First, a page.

Presentation Title

The Picture Tells the Story: Photographic Depictions of Female Offenders in Front-Page Newspaper Stories

Advisor Information

Pauline Brennan

Location

UNO Criss Library, Room 112

Presentation Type

Oral Presentation

Start Date

6-3-2015 2:30 PM

End Date

6-3-2015 2:45 PM

Abstract

Most examinations of media portrayals of crime and offenders focus on the textual narratives of crime stories, and these studies generally suggest that racial and ethnic minorities are inclined to be described as dangerous, crime prone, druginvolved, and otherwise socially-troubled. But, one may question the findings from such research after one considers that most people do not read news stories in their entirety. Rather, most consumers look only at photographs, captions, and headlines; most stop short of reading an actual crime story. Considering this, we examined front page news stories about female offenders and focused on whether the photographs, captions, and headlines that accompanied these stories were negative, neutral, or positive. We found that these three elements, alone and in tandem, were more likely to be negative for minority women than for white women; a higher percentage of the stories about minority women included a negative photograph, a negative caption, and an unfavorable headline. Our findings are consistent with notions underlying the cultivation of implicit racial and ethnic bias in our society and may help to explain the disproportionate overrepresentation of minority women in the criminal justice system.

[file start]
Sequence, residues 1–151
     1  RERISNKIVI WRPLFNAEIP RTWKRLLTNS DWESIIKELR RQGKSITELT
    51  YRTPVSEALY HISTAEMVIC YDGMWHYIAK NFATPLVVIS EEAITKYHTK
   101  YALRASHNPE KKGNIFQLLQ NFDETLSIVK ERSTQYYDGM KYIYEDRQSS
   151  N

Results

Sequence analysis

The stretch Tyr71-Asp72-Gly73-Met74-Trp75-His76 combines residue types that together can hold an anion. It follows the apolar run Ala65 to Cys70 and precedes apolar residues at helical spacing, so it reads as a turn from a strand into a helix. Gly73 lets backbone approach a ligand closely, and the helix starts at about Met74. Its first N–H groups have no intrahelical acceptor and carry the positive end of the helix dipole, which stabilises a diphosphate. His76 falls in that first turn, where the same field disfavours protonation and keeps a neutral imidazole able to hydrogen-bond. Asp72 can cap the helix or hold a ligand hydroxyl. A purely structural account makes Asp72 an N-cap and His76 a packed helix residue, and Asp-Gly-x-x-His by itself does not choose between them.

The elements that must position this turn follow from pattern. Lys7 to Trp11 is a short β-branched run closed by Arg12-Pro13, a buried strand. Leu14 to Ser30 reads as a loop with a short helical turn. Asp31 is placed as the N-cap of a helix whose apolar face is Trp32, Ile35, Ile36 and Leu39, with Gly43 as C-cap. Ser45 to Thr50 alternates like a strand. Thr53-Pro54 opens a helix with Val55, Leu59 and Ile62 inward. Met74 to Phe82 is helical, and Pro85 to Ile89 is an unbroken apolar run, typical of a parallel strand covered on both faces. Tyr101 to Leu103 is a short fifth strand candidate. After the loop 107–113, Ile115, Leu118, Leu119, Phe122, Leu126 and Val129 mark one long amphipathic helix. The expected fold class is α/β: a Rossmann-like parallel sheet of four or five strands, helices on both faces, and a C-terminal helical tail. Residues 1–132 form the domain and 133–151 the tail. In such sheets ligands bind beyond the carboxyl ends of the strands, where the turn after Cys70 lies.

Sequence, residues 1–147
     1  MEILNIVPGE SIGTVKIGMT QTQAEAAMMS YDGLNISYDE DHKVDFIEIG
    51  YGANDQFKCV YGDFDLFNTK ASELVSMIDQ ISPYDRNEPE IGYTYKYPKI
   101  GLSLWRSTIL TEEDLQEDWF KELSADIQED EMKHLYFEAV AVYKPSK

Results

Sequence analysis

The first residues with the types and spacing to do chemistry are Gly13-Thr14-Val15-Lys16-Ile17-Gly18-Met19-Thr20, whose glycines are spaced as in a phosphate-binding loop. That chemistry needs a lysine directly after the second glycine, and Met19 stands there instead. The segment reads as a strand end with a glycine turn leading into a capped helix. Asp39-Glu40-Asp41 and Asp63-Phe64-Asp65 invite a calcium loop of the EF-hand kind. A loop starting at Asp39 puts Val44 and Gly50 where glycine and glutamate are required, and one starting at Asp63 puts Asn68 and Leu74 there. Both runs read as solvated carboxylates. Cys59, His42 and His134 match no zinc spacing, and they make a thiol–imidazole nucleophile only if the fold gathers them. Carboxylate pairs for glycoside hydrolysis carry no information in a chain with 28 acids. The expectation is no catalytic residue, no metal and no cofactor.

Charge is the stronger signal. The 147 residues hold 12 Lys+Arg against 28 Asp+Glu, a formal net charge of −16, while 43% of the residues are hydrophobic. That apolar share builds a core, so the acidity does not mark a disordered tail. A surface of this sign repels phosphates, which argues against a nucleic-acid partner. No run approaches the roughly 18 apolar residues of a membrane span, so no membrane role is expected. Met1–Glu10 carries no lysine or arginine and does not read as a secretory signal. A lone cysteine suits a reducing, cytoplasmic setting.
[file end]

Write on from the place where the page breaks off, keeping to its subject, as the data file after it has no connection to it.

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Mar 6th, 2:30 PM Mar 6th, 2:45 PM

The Picture Tells the Story: Photographic Depictions of Female Offenders in Front-Page Newspaper Stories

UNO Criss Library, Room 112

Most examinations of media portrayals of crime and offenders focus on the textual narratives of crime stories, and these studies generally suggest that racial and ethnic minorities are inclined to be described as dangerous, crime prone, druginvolved, and otherwise socially-troubled. But, one may question the findings from such research after one considers that most people do not read news stories in their entirety. Rather, most consumers look only at photographs, captions, and headlines; most stop short of reading an actual crime story. Considering this, we examined front page news stories about female offenders and focused on whether the photographs, captions, and headlines that accompanied these stories were negative, neutral, or positive. We found that these three elements, alone and in tandem, were more likely to be negative for minority women than for white women; a higher percentage of the stories about minority women included a negative photograph, a negative caption, and an unfavorable headline. Our findings are consistent with notions underlying the cultivation of implicit racial and ethnic bias in our society and may help to explain the disproportionate overrepresentation of minority women in the criminal justice system.